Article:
Villeneuve, who reduced the title lead of his Williams-Renault team-mate, Hill, to 15 points with victory at Silverstone a fortnight ago, embarks upon what he considers the critical phase of the season in tomorrow's German Grand Prix.
The 25-year-old French Canadian, on his first visit to this high-speed track, was only 11th fastest at the end of yesterday's unofficial practice sessions, but then, as we are constantly told, Friday's times have dubious meaning. For Villeneuve it was a day of learning, just as it had been at Nurburgring, earlier this season. There, he won the race. Here, he believes, he can win again.
Villeneuve said: "This is a simple track to learn. The corners aren't that fast. There are only two corners of average speed, but the rest are very slow. I don't know Hungary or Spa, the next two tracks, and they are not so easy to learn. So this is a crucial one for me in the championship.
"I picked up 10 points on Damon at the last race and now we are fighting hard for the rest of the season. In a straight fight, I believe I can beat him. I am more confident after winning at Silverstone."
Hill was eighth, just behind Schumacher, and they are likely to be competing with Villeneuve for pole position this afternoon, even if Gerhard Berger was quickest yesterday, in a Benetton-Renault. David Coulthard, in a McLaren-Mercedes, was second and Eddie Irvine, in the other Ferrari, third. For Hill, the two hours out on the track brought welcome respite from the conjecture that he could be replaced at Williams next season by Germany's Heinz-Harald Frentzen, currently driving for Sauber- Ford.
It is understood Williams have an option on Frentzen's services for next year and have extended it pending negotiations with other drivers, including Hill, not an uncommon or unacceptable practice in Formula One.
The Englishman is unhappy about suggestions that his position is in jeopardy, but then Williams, having the best car in grand prix racing, may be using a little extra leverage to make Hill understand they do not deem it necessary to give him a huge pay rise. Indeed, they might remind him that Niki Lauda's retainer at McLaren was reduced in 1985, the year after he won his third championship.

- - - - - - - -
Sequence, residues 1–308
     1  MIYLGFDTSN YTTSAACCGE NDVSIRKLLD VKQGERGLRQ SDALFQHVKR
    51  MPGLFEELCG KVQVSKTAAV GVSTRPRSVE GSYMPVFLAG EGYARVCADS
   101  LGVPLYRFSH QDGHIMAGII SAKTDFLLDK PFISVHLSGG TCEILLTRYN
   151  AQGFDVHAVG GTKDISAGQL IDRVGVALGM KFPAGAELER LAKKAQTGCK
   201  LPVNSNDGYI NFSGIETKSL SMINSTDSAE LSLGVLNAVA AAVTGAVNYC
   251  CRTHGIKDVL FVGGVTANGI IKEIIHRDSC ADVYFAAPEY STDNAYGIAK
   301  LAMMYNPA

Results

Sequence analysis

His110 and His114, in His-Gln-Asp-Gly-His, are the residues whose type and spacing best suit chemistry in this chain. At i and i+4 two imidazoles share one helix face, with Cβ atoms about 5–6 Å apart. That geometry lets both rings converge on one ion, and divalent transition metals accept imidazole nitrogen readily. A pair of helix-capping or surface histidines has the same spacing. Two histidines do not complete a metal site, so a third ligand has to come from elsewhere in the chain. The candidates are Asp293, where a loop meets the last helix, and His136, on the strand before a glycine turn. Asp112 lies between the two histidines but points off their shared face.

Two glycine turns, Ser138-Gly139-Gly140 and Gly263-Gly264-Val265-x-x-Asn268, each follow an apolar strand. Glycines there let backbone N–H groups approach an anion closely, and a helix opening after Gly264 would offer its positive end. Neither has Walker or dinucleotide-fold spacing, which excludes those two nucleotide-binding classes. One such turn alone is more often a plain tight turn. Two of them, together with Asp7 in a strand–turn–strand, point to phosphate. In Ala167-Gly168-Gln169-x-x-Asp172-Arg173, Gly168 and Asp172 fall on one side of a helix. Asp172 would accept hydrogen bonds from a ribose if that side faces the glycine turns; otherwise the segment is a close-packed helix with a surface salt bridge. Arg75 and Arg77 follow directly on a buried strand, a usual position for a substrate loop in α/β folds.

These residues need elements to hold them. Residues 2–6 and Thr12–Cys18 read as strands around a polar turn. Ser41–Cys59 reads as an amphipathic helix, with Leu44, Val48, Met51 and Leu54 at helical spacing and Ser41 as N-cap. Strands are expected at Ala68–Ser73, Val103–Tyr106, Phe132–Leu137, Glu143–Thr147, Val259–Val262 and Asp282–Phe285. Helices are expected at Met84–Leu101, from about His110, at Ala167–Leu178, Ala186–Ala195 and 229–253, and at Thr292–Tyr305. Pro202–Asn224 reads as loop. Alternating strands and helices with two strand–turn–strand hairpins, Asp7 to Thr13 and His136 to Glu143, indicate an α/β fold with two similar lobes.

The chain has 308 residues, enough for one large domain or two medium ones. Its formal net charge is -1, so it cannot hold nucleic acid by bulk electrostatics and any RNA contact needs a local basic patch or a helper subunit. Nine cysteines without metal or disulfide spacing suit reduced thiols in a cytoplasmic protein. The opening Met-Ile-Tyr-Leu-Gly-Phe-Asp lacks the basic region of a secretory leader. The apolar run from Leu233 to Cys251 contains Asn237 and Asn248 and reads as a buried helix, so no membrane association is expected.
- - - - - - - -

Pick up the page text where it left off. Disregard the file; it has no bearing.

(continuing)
Hill was again reluctant yesterday to be drawn into a public airing of his views on the matter. It is safe to say he was keeping his options open and expected some development in the coming weeks. He also said he might go and play golf. It was delivered as a joke but, as they repeatedly say in this game, anything is possible in Formula One.
Schumacher sidestepped an invitation to assess how Frentzen's performance in a Williams would compare with Hill's, preferring merely to acknowledge his former sportscar partner as "one of the quickest Formula One drivers."
Asked for his opinion on how the speculation swirling around Hill might affect him, the champion, a mite mischievously, said: "There are always rumours around and Damon has to cope with them quite often, being criticised by his team and not getting a contract and so on. But fortunately I have not had that situation so I cannot know." Martin Brundle, in a Jordan- Peugeot, was sixth fastest and Johnny Herbert, in the other Sauber, was 14th just behind Frentzen.
GERMAN GRAND PRIX (Hockenheim) Leading times after yesterday's opening practice session: 1 G Berger (Aut) Benetton-Renault) 1min 46.145sec (average speed 143.797mph); 2 D Coulthard (GB) McLaren-Mercedes 1:46.184; 3 E Irvine (GB) Ferrari 1:46.198; 4 J Alesi (Fr) Benetton-Renault 1:46.294; 5 M Hakkinen (Fin) McLaren-Mercedes 1:46.384; 6 M Brundle (GB) Jordan-Peugeot 1:46.487; 7 M Schumacher (Ger) Ferrari 1:46.959; 8 D Hill (GB) Williams-Renault 1:46.998; 9 R Barrichello (Br) Jordan-Peugeot 1:47.110; 10 P Diniz (Br) Ligier-Mugen-Honda 1:47.534; 11 J Villeneuve (Can) Williams-Renault 1:47.586; 12 O Panis (Fr) Ligier-Mugen-Honda 1:47.668.Reuse content